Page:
Primary Care

The state’s largest hospital chain and largest insurer have inked an agreement to share patient data that will help them look for ways to improve health and save money. The deal is the largest of its kind in the state and could shape health care for more than 35,000 Rhode Islanders.

A statewide effort to link more Rhode Islanders with primary care is expanding.

The effort is called the Chronic Care Sustainability Initiative, or CSI.CSI promotes the patient-centered medical home model of health care. In a patient centered medical home, a team of health care professionals coordinates a patient’s care. It’s especially helpful for patients with chronic illnesses, although anyone can join.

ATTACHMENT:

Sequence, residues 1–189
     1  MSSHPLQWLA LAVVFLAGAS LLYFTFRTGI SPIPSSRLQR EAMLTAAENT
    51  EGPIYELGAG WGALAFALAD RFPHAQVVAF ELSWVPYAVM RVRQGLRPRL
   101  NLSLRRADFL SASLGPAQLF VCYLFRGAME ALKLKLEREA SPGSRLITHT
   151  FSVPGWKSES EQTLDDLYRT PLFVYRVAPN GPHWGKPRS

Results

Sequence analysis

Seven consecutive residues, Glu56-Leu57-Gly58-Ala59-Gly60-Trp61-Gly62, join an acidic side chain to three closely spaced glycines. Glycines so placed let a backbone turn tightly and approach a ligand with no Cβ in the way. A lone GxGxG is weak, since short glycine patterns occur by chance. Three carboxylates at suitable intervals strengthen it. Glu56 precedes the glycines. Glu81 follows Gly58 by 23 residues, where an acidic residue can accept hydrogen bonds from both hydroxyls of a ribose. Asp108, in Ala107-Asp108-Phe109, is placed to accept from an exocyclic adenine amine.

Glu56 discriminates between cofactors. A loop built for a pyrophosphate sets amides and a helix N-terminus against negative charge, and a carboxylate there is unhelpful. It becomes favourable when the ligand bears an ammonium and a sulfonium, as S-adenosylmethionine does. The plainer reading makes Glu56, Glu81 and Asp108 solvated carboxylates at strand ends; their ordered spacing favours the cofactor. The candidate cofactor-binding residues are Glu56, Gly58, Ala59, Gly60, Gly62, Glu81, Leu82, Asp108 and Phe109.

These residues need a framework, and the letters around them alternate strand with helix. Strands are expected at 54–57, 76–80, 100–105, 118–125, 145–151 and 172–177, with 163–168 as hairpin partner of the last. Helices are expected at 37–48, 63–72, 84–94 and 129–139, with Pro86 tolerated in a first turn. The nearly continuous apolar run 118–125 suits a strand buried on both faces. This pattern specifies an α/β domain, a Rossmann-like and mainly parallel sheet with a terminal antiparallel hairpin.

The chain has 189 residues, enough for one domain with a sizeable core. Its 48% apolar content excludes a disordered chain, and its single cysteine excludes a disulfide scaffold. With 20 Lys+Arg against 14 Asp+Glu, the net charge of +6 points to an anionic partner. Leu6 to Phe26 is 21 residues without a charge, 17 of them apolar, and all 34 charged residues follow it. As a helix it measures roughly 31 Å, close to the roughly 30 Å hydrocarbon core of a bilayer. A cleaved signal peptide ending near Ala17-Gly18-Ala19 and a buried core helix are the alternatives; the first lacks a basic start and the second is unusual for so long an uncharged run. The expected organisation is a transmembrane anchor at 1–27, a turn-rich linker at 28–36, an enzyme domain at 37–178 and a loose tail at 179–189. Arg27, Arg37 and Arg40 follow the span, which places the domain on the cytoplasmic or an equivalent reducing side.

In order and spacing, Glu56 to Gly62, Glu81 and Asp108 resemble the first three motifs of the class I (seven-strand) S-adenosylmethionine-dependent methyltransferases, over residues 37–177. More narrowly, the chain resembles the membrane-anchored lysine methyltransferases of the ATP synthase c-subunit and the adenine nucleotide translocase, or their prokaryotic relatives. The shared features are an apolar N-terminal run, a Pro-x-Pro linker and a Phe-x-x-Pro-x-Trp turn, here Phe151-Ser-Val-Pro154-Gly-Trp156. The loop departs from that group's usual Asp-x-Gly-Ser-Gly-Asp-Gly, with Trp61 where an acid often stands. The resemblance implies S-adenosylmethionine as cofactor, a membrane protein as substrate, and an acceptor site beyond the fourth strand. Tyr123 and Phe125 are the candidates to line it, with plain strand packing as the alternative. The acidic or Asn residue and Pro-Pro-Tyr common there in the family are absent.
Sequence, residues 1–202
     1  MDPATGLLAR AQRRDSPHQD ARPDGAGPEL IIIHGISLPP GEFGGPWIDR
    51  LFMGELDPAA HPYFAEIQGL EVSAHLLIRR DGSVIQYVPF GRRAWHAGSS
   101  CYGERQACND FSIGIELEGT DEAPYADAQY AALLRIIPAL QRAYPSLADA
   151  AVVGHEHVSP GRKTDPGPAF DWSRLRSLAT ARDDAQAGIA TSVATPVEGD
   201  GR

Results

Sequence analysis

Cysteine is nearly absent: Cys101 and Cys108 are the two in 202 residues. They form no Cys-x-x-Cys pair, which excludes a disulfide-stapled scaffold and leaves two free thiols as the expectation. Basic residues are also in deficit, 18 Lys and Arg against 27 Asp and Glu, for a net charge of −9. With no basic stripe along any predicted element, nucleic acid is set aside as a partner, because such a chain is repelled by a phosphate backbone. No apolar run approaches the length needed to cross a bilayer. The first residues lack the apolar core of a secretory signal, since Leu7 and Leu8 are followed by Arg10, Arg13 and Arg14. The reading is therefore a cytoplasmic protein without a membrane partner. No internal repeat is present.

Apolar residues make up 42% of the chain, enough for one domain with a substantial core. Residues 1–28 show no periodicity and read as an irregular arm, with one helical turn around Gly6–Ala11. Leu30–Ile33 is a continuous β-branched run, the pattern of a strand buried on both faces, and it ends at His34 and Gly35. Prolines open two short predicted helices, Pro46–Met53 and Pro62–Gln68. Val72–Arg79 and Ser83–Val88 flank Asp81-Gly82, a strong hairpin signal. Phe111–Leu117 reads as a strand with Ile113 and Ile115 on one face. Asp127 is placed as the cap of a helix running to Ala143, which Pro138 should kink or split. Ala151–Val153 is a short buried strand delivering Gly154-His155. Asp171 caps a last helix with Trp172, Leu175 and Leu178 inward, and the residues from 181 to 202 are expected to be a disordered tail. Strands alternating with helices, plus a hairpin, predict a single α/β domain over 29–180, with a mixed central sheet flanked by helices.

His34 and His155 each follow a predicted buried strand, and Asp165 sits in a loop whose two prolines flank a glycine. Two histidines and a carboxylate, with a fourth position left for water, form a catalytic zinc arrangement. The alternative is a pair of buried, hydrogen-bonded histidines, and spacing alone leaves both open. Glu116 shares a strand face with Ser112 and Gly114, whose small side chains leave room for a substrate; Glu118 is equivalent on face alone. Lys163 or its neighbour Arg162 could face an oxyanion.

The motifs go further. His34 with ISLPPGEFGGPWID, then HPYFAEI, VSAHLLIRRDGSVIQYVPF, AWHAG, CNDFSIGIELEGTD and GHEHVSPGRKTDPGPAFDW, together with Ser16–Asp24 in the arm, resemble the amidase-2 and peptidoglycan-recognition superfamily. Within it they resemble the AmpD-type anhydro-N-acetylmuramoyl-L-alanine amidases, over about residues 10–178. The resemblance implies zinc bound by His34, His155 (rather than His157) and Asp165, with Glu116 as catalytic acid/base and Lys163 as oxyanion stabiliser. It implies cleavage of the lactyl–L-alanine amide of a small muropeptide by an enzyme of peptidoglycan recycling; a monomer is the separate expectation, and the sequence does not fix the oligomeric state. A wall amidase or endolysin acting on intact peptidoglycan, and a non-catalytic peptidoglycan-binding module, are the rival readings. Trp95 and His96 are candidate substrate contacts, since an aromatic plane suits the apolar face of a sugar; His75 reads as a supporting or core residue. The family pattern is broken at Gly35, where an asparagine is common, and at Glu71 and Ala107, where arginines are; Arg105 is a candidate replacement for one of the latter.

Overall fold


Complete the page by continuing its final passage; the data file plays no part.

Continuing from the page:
State officials have announced another tool to help physicians spot and treat drug abuse.

The Rhode Island Department of Health's recent decision to grant approval, with 22 conditions, to CVS to open seven retail health clinics in pharmacies throughout Rhode Island came down in the form of a 43-page document. In my humble opinion, it's a well-written, even eloquent ode to the importance of primary care and the challenges of regulating health care in a state where for-profit health care is no longer around the corner but setting up shop on it.

Megan Hall / RIPR

The nation’s largest pharmacy chain has been given the green light to open seven retail health care clinics in Rhode Island. CVS pharmacies’ MinuteClinics would see patients for minor illnesses and perform some routine health screenings. But state health officials' approval comes with several conditions.

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